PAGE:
HS2 has officially opened its logistics hub at Willesden junction, which is intended to be the epicentre of its tunnelling work in London.
By creating a logistics hub it calls the “beating heart” of London tunnelling operations, it hopes to maintain high efficiency and minimise environmental impact. The 30-acre rail site will erase the need for an estimated one million lorry movements on the road and take 5.6 million tonnes of earth from 26 miles of the capital’s tunnelling works. It will be the site where construction materials such as the 100,000 pre-cast tunnel rings will also be delivered by train.
After being processed at the site, earth will be taken by train to three locations across the UK – Barrington in Cambridgeshire, Cliffe in Kent, and Rugby in Warwickshire – where it will be put to beneficial reuse, filling voids which will then be used as a basis for redevelopment, such as house building.
The hub sits on the old Freightliner Terminal site that first opened in 1967. It went on to become one of nine regional freight terminals developed specifically to handle Channel Tunnel intermodal traffic but eventually went into disuse in 2005. The site’s connections to the conventional railway make it an ideal location to coordinate HS2’s London logistics operation.
Speaking at the opening of HS2’s logistics hub, HS2’s chief executive officer Mark Thurston said: “In building Britain’s new high-speed railway, HS2 is committed to protecting the environment and minimising our carbon footprint during design, construction and operation. As a result, we are moving as much material as we can by rail as part of our Materials by Rail programme.
“The logistics hub at Willesden will be the beating heart of our London logistics operation and is a critical part of how we are building HS2.”
The operation is being coordinated from a refurbished building on the site. Sheffield based SME, 3Squared, has developed a bespoke rail logistics software solution to manage and track the railway materials movements in and out.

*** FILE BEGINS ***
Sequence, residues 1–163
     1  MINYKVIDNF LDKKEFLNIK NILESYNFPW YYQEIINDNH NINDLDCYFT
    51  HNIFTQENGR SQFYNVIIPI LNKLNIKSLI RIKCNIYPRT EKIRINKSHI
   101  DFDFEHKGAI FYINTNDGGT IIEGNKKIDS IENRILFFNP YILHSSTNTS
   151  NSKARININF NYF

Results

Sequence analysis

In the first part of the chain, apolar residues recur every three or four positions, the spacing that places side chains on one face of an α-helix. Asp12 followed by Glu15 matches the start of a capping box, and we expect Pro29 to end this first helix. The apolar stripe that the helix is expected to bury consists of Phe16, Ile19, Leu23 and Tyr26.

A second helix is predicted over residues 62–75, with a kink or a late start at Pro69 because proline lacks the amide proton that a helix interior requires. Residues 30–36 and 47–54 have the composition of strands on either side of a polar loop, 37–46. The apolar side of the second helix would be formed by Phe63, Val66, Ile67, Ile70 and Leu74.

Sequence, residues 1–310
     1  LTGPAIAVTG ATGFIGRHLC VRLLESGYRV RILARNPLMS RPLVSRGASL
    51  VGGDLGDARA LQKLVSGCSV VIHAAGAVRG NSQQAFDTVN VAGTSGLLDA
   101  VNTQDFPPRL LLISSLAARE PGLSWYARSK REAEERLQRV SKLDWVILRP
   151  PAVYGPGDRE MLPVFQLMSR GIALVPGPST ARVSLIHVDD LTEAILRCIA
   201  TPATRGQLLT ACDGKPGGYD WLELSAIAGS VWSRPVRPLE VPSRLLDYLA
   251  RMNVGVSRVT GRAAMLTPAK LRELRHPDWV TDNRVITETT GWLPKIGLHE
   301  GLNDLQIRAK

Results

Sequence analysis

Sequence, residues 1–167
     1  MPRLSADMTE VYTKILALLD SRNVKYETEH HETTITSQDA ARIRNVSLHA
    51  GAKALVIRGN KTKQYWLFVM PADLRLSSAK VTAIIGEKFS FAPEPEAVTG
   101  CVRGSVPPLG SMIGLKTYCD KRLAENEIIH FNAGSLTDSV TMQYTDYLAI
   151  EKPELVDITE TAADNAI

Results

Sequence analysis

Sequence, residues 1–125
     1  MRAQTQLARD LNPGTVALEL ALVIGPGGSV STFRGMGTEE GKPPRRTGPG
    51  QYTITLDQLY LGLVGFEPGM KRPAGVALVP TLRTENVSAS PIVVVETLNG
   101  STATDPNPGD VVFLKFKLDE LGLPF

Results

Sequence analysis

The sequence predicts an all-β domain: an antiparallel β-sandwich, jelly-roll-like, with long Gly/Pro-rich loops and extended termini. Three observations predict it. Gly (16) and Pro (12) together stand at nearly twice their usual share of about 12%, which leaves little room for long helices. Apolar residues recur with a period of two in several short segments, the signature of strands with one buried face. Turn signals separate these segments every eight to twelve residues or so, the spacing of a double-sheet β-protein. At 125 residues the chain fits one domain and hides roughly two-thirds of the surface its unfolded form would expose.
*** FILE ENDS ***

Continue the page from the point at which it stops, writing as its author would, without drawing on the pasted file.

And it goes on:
Speaking about the scale of the operation, Skanska Costain STRABAG joint venture managing director James Richardson said: “The logistics hub is central to the London Tunnels programme. Collaborating with other partners delivering HS2, we will remove 5.6million tonnes of spoil by rail and bringing in our tunnel segments, taking one million lorry journeys off the road.
“We are committed to reducing our environmental impact and by using rail we will reduce our carbon emissions for logistics by 40%.”
Tim Jones, managing director of 3Squared, said: “It is fantastic to see the hard work and effort coming to fruition in this large-scale logistics operation, which will radically improve efficiencies and operations across the wider UK transport network. Joining the HS2 project has marked an exciting chapter in 3Squared’s journey, and we look forward to continuing to work with SCS JV and providing our technological skill and expertise, as HS2 progresses.”
The logistics trains are currently operated by GB Railfreight and the operation is the result of planning between HS2, Network Rail, SCS JV and HS2’s supply chain. The first train departed the site at the end of June, taking 1,470 tonnes of spoil to Barrington in Cambridgeshire.
John Smith, managing director of GB Railfreight said: “Today’s opening marks a huge commitment to reducing the impact of carbon emissions caused by construction and we’re proud to jointly recognise this with HS2 by unveiling the fittingly rebranded Class 66, ‘The Green Progressor’.
“HS2 Willesden’s logistics hub promises to support the growth of rail freight in the UK by removing one million HGVs from our capital’s roads alone. By increasing the amount of material transported by rail freight for the construction of HS2 in London, GBRf will continue to play a leading role in the delivery of government’s net zero targets and the decarbonisation of transport.”
Nick Coles, programme manager, Network Rail, said: “We’ve been working with HS2 and its supply chain on their plans to move excavated materials by rail from the Willesden logistics hub. Timetable, operations and infrastructure preparations have long been in the making and it is a credit to all parties involved that freight services have started life so smoothly.
“Today, the UK railway network is supporting approximately 60 rail freight services a week for HS2 and we’ll continue to work closely with its industry partners to make as many carbon savings as possible.”